Confusion over cross-statutory application of new law defining horses as livestock
In 2010, the Minnesota Legislature passed a bill, supported by the Minnesota Horse Council, creating a new statute defining horses as livestock and raising them as an agricultural activity. The statute was codifed in the agricultural code at Minn. Stat. § 17.459. The statute reads:
Subdivision 1. Classification as livestock. Horses and other equines raised for the purposes of riding, driving, farm or ranch work, competition, racing, recreation, sale, or as breeding stock are livestock. Horses and their products are livestock and farm products for purposes of financial transactions and collateral.
Subd. 2. Agricultural pursuit. Raising horses and other equines is agricultural production and an agricultural pursuit.
Subd. 3. Nonapplicability for property tax laws. This section does not apply to the treatment of land used for raising horses under chapter 273.
The purpose of the new law was to help horse and equine property owners gain access to various benefits afforded to agricultural land and businesses. But because Minnesota Statutes are organized by subject matter into chapters, a general policy statement such as “horses are livestock” enacted in one chapter can have unintended consequences in other chapters.
The most obvious potential conflict was explained by the Minnesota Department of Revenue (MDOR) before the law was enacted. MDOR suggested adding Subdivision 3’s nonapplicability for property tax laws because property tax assessors are governed by a different chapter setting standards for property tax classification. Minn. Stat. § 273.13 Subd. 23 sets forth the requirements for agricultural classification for property, which must be at least 10 acres in size and used for agricultural purposes. Agricultural purposes is defined as raising agricultural products for sale, and those products are listed in Minn. Stat. § 273.13 Subd. 23(i). Livestock raised for sale constitute an agricultural product, as does pasture used for grazing commercially boarded horses. But MDOR worried that the new law, Minn. Stat. § 17.459, would result in residential or hobby-farmers claiming that their equine use of land is agricultural for property tax purposes despite a lack of genuine agricultural production on the property, so Subdivision 3 was added to the statute as enacted.
Paradoxically, the disclaimer in Subdivision 3 may be having an opposite effect: some tax assessors have reportedly suggested that the disclaimer now means that, in the property tax code, horses are not livestock. That is not the case. Horses always were and will continue to be livestock for purposes of property tax classification. MDOR has issued statewide guidelines for tax assessors explaining the proper method for classifying equestrian property, and it is settled law that raising horses for sale is an agricultural activity.
Another potential misinterpretation of Minn. Stat. § 17.459 lies in apparently conflicting language in Chapter 346, which sets care standards for “pet and companion animals,” including equines in Minn. Stat. § 346.38, and Chapter 343, which criminalizes animal neglect and cruelty. The apparent conflict is between Section 17.459’s definition of horses as livestock and raising them as an “agricultural use,” and Section 346.43’s exclusion of farm animals raised for food or “other agricultural use” from care standards, including care of equines in Section 346.38. However, because equines are afforded specific protections and the statute has not been repealed, the definition of horses as livestock should not have any effect on future prosecution for violations of care standards for horses. Furthermore, the animal cruelty statutes in Chapter 343 apply to all animals regardless whether they are farm animals or not, so long as they are “owned, possessed by, cared for, or controlled by a person for the present or future enjoyment of that person or another as a pet or companion…” In other words, horses are encompassed within both definitions as livestock and also as companion animals. Some horses even qualify as “service animals,” which are animals trained to assist a person with a disability and afforded special protections under Chapter 343. Just because horses are livestock and encompassed within the business of agriculture does not mean we value them any less as companions or that they are now excluded from care standards and anti-cruelty laws.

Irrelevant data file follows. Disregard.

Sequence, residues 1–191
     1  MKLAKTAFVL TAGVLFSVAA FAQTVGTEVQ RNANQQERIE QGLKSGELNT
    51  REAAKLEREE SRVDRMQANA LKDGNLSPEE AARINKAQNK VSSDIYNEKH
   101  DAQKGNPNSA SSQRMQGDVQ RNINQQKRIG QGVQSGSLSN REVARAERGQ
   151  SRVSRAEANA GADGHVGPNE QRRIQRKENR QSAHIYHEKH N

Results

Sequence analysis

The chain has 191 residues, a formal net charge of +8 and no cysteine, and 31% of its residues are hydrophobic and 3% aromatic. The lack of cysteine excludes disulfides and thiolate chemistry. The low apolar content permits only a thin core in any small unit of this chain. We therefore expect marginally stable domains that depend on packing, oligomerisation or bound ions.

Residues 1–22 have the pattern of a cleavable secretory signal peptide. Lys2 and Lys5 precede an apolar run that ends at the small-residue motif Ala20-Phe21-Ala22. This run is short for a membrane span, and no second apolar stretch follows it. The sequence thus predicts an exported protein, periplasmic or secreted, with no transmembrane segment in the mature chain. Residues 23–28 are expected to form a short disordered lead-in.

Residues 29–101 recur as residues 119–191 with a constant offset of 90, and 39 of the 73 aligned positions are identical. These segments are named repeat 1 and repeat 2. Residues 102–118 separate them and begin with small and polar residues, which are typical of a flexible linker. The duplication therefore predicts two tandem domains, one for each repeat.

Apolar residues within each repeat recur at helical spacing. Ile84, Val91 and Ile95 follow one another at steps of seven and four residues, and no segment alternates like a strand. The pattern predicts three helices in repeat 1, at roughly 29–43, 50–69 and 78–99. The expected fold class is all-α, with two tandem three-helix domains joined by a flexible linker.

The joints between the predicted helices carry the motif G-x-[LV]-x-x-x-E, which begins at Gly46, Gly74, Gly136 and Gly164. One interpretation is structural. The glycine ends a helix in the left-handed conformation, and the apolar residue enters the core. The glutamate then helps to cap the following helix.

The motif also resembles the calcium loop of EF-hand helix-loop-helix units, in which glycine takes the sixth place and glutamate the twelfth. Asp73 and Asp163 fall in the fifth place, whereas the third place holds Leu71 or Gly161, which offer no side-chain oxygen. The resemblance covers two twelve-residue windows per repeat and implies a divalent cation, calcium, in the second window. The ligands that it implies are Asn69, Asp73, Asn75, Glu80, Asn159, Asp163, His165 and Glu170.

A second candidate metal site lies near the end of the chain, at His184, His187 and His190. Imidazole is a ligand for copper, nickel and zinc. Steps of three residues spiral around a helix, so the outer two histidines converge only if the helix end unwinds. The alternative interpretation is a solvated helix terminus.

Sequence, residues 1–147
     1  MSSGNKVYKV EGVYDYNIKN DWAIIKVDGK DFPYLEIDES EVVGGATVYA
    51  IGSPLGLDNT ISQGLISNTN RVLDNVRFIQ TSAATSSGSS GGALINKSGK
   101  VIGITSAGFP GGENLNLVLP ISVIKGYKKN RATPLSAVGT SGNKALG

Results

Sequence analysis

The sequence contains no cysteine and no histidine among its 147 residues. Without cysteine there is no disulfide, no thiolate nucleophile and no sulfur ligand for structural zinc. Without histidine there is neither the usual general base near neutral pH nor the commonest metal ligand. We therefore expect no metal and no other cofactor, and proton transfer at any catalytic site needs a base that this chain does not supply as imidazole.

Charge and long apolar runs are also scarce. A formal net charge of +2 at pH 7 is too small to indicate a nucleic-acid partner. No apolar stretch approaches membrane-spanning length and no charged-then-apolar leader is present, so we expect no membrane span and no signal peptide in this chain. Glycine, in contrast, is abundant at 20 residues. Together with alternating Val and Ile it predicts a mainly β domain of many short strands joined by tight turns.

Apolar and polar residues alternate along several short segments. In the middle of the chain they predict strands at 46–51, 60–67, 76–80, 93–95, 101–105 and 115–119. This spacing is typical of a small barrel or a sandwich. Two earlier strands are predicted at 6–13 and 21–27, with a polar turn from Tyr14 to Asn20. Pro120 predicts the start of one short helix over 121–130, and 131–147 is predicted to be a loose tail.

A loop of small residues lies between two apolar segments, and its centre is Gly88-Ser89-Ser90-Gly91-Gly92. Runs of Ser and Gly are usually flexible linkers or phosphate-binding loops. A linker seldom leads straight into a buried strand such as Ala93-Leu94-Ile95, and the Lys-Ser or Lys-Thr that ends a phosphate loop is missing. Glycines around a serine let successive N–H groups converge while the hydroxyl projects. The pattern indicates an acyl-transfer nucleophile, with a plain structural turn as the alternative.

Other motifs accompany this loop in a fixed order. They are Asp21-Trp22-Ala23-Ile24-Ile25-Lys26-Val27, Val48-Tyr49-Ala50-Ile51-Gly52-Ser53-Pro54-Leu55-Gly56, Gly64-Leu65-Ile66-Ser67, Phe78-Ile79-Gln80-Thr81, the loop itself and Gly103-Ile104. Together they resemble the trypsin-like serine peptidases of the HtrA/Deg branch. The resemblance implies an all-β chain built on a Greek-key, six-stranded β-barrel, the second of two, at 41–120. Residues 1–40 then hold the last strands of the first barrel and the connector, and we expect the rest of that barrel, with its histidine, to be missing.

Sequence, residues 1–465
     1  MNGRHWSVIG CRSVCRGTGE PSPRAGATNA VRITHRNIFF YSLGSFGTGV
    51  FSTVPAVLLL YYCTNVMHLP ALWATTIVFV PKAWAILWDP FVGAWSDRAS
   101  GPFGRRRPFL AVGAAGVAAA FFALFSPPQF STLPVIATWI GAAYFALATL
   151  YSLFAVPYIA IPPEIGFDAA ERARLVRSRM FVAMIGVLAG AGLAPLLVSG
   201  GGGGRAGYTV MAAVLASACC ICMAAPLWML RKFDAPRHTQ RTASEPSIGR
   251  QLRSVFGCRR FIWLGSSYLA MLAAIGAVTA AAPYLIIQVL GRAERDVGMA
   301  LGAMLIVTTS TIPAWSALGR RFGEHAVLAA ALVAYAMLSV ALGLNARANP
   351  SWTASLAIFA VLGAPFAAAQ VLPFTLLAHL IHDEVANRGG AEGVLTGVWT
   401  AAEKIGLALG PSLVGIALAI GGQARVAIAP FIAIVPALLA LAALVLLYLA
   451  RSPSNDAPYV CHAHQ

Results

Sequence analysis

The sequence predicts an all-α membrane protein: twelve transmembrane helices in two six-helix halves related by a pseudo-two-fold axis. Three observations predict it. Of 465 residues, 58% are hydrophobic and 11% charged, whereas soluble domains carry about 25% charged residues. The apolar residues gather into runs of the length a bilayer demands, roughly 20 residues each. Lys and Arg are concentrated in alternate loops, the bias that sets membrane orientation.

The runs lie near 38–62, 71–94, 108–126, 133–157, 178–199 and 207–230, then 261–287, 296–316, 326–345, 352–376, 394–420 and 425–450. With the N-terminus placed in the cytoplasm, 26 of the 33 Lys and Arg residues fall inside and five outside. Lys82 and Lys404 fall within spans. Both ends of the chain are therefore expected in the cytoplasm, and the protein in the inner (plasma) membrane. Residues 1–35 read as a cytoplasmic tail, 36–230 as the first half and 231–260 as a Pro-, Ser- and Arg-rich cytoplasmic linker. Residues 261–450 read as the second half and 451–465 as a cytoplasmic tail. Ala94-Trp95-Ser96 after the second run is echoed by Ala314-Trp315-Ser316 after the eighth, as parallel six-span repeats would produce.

On the bright side of the passage of Minn. Stat. § 17.459, some equine property owners report greater success persuading zoning authorities that raising or boarding horses is an agricultural use of land permitted under local zoning laws. And the statute also may help horse farms qualify for the “family farm exception” to workers’ compensation liability and insurance requirements.
In an effort to educate local government about the unique role and protections afforded to horses as both agricultural and companion animals, the Minnesota Horse Council issues policy positions and will communicate with property tax assessors, law enforcement personnel, and county attorneys to help assure that horses’ unique status as partners with people is not confused or misinterpreted to their detriment.